Expectation and Rory McIlroy go hand in hand. That’s always been the way.
As a result, the 33-year-old has developed broad shoulders to deal with the burden that comes with his immense talent - but the build-up to The 150th Open has felt different.
Not only has the Northern Irishman been in superb form this year, with top-10 finishes in all three majors, his previous Open at the home of golf provided reason for encouragement.
Back in 2010, McIlroy opened his quest for the Claret Jug with a sensational 63 as he ripped the Old Course apart to equal the then major record score en route to finishing third.
That proved to be the catalyst for a remarkable run of success in golf’s premier events, winning four majors before the age of 26 including The Open at Royal Liverpool in 2014.
Injury meant he was unable to defend his title when the Championship was last played in St Andrews, forced to watch from home as Zach Johnson was crowned Champion Golfer.
So it was no surprise that McIlroy’s return to the Old Course for this milestone Open has created relentless buzz and hype for the potential end to his eight-year major drought.
If he was feeling the pressure, though, it certainly did not show. The bright yellow jumper he donned on the way to the 1st was not the outfit of a man looking to hide from the limelight.
Joined by defending Champion Golfer Collin Morikawa and world number 5 Xander Schauffele in the pick of the morning groups, McIlroy’s arrival for his 9.58am tee off was greeted by a huge ovation as the grandstands rapidly filled to watch the main attraction.
“Come on, Rory” was the cheer that relentlessly followed his every move, every shot as he navigated the front nine with the confidence of a player in control of his game.
The birdie putt from the back of the 1st green no doubt helped, ensuring he was in the red early on after deciding against attacking the dangerously placed pin with his approach.
McIlroy’s decision was only vindicated five hours later when 15-time major winner Tiger Woods found the burn with his second shot, resulting in a shock double-bogey.
In fact, playing percentage golf was the name of the game. The next three holes were all navigated comfortably, avoiding unnecessary risks as he reeled off consecutive pars.
As the groups bunched up around the tee of the par-5 5th, McIlroy looked completely at ease as he chatted with a journalist about his decision not to wear a hoodie for today’s round.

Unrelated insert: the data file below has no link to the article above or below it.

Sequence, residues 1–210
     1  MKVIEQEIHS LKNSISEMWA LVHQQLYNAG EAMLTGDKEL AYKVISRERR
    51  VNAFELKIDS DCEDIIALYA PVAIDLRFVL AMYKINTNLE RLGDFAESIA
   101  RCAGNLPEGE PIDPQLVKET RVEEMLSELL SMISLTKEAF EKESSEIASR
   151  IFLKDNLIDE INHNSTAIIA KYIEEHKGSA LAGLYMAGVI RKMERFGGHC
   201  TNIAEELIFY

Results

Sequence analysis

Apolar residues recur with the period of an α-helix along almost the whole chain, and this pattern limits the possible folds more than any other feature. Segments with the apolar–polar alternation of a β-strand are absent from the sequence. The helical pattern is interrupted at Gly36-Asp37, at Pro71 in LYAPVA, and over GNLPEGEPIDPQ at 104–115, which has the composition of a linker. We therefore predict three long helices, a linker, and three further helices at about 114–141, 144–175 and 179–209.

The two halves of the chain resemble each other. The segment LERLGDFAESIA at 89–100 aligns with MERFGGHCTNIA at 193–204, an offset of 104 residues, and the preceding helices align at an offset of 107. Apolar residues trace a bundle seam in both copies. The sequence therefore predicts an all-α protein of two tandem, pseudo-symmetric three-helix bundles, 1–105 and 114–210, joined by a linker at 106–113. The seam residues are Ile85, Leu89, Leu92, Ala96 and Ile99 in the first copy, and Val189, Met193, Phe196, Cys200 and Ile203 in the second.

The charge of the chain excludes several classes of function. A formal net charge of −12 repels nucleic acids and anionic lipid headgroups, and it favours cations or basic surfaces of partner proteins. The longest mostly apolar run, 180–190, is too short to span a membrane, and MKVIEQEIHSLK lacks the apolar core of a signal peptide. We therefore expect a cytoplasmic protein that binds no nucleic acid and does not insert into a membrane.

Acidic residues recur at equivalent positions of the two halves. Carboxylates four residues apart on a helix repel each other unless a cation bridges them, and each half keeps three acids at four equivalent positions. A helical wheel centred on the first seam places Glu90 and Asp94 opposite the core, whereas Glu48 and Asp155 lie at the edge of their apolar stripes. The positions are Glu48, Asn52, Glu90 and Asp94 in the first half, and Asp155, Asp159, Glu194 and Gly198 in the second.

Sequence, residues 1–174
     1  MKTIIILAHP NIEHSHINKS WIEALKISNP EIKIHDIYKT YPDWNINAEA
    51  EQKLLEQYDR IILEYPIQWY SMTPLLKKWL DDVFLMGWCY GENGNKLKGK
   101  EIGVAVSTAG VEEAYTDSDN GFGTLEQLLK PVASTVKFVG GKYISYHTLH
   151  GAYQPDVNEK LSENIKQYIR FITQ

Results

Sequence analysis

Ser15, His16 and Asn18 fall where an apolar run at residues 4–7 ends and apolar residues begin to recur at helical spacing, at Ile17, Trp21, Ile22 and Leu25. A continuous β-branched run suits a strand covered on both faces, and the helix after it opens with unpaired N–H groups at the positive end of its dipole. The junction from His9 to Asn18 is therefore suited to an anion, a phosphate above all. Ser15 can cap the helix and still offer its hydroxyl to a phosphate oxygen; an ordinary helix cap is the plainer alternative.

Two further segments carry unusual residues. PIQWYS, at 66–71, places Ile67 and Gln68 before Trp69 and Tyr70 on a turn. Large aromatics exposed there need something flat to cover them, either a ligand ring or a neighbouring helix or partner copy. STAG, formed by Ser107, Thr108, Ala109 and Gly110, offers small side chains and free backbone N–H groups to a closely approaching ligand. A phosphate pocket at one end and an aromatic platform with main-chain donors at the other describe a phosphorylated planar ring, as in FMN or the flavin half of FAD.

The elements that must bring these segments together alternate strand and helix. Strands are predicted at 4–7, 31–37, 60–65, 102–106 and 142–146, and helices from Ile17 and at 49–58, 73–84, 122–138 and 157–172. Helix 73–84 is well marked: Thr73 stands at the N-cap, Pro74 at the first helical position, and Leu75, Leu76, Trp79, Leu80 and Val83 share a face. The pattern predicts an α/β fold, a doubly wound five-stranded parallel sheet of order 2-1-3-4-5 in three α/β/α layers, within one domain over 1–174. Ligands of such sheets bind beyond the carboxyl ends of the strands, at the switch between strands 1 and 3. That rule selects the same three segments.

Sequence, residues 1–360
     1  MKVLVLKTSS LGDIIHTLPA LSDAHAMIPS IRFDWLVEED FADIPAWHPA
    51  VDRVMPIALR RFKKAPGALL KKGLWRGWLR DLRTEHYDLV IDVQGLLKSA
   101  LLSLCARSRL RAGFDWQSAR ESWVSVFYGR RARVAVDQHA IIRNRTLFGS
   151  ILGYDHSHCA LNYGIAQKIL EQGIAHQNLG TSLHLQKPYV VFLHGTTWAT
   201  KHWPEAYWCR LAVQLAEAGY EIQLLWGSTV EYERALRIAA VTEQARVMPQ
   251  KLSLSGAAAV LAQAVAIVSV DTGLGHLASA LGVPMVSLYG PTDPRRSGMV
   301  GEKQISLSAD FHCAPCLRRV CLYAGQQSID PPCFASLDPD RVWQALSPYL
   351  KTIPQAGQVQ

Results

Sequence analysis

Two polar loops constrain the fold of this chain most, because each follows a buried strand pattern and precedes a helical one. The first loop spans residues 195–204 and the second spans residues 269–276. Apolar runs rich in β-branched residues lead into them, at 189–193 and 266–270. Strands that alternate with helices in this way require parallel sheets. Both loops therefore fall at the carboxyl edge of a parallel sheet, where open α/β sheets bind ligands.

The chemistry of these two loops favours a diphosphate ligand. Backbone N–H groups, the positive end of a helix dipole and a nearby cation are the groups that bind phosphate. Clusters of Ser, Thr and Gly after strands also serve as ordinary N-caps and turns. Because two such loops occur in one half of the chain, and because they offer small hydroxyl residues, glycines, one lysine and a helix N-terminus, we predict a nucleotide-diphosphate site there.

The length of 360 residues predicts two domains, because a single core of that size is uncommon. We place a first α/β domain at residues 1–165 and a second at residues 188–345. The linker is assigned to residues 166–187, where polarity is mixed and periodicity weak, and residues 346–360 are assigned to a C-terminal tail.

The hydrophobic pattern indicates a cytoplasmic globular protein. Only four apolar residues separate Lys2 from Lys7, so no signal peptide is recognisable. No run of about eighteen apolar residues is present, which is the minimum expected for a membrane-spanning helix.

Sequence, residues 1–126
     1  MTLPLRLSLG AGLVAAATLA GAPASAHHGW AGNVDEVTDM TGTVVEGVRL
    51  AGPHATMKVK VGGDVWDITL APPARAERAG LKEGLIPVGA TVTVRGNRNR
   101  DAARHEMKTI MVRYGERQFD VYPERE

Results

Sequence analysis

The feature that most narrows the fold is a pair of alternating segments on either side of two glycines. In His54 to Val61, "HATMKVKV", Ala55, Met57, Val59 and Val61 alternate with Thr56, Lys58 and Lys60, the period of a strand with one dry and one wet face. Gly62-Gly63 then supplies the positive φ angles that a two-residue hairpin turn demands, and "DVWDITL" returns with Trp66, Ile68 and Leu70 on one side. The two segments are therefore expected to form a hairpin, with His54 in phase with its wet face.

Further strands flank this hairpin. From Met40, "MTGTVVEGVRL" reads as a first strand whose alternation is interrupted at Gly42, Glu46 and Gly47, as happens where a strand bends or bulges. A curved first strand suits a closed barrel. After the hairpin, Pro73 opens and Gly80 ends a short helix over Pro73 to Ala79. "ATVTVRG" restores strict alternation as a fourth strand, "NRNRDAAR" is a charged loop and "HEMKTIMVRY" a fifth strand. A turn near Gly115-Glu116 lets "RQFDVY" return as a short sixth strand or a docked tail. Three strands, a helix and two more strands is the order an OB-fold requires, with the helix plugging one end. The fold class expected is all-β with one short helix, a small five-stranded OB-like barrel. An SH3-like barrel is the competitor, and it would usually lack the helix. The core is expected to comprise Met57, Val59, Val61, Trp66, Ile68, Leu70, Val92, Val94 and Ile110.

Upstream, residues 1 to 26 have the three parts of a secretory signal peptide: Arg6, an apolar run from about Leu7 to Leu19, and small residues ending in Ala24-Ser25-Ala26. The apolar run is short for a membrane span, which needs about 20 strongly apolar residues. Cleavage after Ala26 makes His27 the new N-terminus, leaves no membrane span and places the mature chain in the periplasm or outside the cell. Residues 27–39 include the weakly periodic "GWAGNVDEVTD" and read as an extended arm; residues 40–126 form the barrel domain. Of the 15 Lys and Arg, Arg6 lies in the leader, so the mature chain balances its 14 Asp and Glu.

Patience and discipline are central to links golf - especially around the Old Course - and McIlroy displayed plenty of both before being rewarded with three straight birdies.
A beautifully judged flop shot left a tap-in birdie on the 5th while he dissected the fairway on the 6th and stuck his approach to seven feet for the most straightforward of birdies.
“They all want him to win it,” a marshal exclaimed as McIlroy stepped onto the 7th tee to another chorus of cheers. He was not wrong, the swell of support was relentless.
He proceeded to crush his drive down the middle of the fairway once again, pitch it to eight feet and roll in another birdie putt in almost identical fashion to the previous hole.
With momentum on his side and an enthusiastic grandstand behind him, McIlroy was clearly in the mood to shoot low and was frustrated with ‘only’ hitting the green on the 8th.
Par followed before he took out his driver for the very reachable 9th. “Surely that’s too much club”, whispered one fan. It wasn’t but he had to settle for another par and an outward 32.
Meanwhile, Schauffele and Morikawa were relegated to playing second fiddle for much of the front nine despite the former recovering from bogeying the 1st to go out in two-under.
The reigning champion was uncharacteristically inconsistent, with two birdies cancelling out two bogeys on the front before repeating that pattern again for a level-par 72.
Schauffele quietly went about his business and threatened to overshadow McIlroy with birdies on 12 and 14, only for a bogey on the notorious 17th to result in a three-under 69.
There was also a setback for McIlroy on the 13th, unable to capitalise on a moment of fortune after his approach avoided the bunker, but it was sandwiched by two more birdies.
An excellent up-and-down on the Road Hole saved par - a result McIlroy said he would gladly take earlier in the week - before he arrived on a wave of roars to the 18th tee.
He then put the icing on the cake in style on the last. An iron was enough to reach the green of the 356-yard hole before two-putting to post a six-under-par 66.
In many ways, it was an uneventful round from McIlroy - he even described it as “boring” after signing his card - but he will undoubtedly take that for his remaining three rounds.
This is a player at the peak of his powers right now. If he continues to nonchalantly shrug off the pressure, a second Claret Jug could be coming his way. Expectation, what expectation?